On Remote Fogo Island, Residents Claim Seven Seasons
Whether there's pack ice in the harbour or trap berths in the water, each season on this Newfoundland isle showcases a unique intermingling of nature and culture.
Living on the water can foster a sort of sixth sense for predicting the weather. Living on a small island like Fogo, off the coast of a larger island and at the edge of a continent no less, is a daily lesson in meteorology. On this Newfoundland “outport” isle, every man, woman, and seafarer is a veritable nostradamus—which is why each of them will tell you emphatically that there are in fact seven seasons here and not the four you might expect from Atlantic Canada.
Fogo Islanders can sense the earliest stir of a brewing storm, and they know that the berries come and go with a distinct weather pattern—not quite in the summer, not quite in the fall, but in a season named for their very existence. They know when it’s safe for the kids to play on the harbour pack ice, and when the sculpted behemoths are about to come gliding down from Greenland through “Iceberg Alley.”
They may try to convince you that the coldest months are their favourites, as one resident claimed during my visit on an already-chilly summer’s weekend. The turn of the calendar year is when this quiet isle gets quieter—when only the heartiest of tourists remain—and a retired cod fisherman can finally get a little peace out on his ice-fishing pond.
Incidentally, he’d invite you to come to visit during this sacred time anyway. Because that’s just how Fogo Islanders are: enduring of the land’s temperament and welcoming no matter the weather.
At Fogo Island Inn, a National Geographic Unique Lodge of the World, excursions are designed so guests can embrace the spirit of the season in which they visit.
Winter | December 1st to February 28th
When the snow falls on Fogo, it’s time to strap on cross-country skis and track caribou across rolling hills or lace up a pair of skates for a game of pick-up ice hockey. Those hoping to hibernate can retreat to the Fogo Island Inn library or cinema, enjoy live music at the bar, or indulge in gourmet Newfoundland fare while taking in four-story views of the wild North Atlantic from the inn’s glass-walled dining room.
Pack Ice | March 1st to March 31st
March on Fogo Island sees splintered pack ice flowing into harbours and coves in great tides of jagged, sparkling shards—a delight for nature lovers and landscape photographers alike. Jump between ice blocks when water levels are low, and watch seals scurry across the floes. Or opt to observe the ice from the cosy confines of Fogo Island Inn, where music, storytelling, and artisan workshops give a festive glow to the final days of deep frost.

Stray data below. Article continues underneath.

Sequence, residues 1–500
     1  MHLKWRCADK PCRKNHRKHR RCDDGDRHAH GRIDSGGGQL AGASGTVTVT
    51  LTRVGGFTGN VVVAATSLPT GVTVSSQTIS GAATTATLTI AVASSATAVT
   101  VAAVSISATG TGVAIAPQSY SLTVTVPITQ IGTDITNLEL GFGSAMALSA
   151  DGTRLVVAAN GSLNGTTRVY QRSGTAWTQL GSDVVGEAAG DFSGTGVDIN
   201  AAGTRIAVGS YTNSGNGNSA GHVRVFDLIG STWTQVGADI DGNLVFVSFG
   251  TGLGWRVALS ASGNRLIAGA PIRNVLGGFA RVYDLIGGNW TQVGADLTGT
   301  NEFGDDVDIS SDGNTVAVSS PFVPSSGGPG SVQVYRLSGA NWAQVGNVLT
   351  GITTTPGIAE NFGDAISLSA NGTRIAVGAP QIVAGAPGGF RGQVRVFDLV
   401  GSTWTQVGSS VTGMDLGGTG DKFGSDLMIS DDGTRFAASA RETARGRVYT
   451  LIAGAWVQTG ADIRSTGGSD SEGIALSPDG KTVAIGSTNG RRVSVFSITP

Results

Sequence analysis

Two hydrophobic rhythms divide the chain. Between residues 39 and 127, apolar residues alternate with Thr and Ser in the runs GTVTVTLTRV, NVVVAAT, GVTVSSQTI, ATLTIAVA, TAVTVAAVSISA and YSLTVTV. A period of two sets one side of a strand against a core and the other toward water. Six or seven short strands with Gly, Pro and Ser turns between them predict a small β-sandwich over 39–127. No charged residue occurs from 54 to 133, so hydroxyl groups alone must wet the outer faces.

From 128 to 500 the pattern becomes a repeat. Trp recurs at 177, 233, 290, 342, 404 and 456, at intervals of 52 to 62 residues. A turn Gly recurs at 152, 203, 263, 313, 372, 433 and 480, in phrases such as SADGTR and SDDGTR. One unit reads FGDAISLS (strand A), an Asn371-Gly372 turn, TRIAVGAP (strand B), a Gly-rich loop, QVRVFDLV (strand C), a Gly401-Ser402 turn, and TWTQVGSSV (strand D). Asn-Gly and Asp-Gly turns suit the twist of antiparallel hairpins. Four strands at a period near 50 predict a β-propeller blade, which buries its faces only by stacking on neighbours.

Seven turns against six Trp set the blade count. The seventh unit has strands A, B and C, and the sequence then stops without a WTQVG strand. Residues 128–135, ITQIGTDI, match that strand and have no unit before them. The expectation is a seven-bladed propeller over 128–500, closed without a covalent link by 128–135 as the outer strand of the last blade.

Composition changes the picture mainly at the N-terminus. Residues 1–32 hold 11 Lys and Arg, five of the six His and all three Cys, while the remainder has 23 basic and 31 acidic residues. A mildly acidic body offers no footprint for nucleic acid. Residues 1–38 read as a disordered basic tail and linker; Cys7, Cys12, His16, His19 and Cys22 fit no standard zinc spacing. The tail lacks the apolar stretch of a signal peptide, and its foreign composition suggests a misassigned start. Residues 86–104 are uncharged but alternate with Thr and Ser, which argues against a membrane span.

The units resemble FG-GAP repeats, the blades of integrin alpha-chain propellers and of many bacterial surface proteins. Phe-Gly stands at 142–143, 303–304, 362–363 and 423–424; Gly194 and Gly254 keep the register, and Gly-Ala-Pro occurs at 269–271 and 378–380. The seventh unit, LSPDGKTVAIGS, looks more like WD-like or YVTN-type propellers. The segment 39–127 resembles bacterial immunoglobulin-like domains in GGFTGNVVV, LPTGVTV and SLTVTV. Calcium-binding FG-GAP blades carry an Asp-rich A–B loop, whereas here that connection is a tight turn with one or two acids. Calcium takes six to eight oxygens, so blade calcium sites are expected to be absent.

Spring | April 1st to May 31st
Instead of blooming flowers and budding trees, springtime visitors to Fogo Island are likely to spot massive icebergs drifting just offshore and feel the power of the season’s epic gales that send waves crashing against rocky shorelines. Amble along thawing footpaths to witness winter gradually giving way to warmth, or get out on the water for a cruise through “Iceberg Alley.”
Trap Berth | June 1st to June 30th
Fogo’s trap berths were historically dropped on June 1 amidst festive hope for a bountiful cod season. Embrace the season’s maritime mood and meet with a local fisherman to hear about the Fogo fishing industry, row a traditional punt boat through coastal waters, or learn the basics of boat building from an island craftsman. Landlubbers can explore Fogo’s colourful scenery during this peak period for wildflower blooms.
Summer | July 1st to August 31st
A day at the beach is different in Newfoundland. Skip summertime sunbathing and head to one of Fogo’s sandy beaches, where you can dig for mussels, spot nesting puffins, and see whales breaching just offshore. Inland, hidden ponds await waders and trout fishermen, and the nearby Change Islands—their lush lawns dotted with colourful saltbox houses—are poised for postcard-worthy photos.
Berry | September 1st to October 31st
Fogo’s September and October revolve around the fruit harvest—a time when the island’s landscapes are speckled with the bright hues of edible wild berries. Walk ancient footpaths with your picking pail, foraging for blueberries, raspberries, and partridgeberries. Guests of Fogo Island Inn can join an islander for a lesson in jam jarring, and then deliver the remaining berry bounty to the lodge chef, who will incorporate it into the dinner menu.
Late Fall | November 1st to November 30th
Few places feel cosier on a crisp fall day than Fogo Island Inn. Wrap yourself in a colourful handmade quilt and snuggle up next to one of the lodge’s six wood-burning fireplaces with a warm beverage in hand. Outside, festive beach bonfires blaze, caribou have begun to graze, and the inn’s rooftop hot tubs bubble—invitations to embrace the escalating chill of the season and its long, starry nights.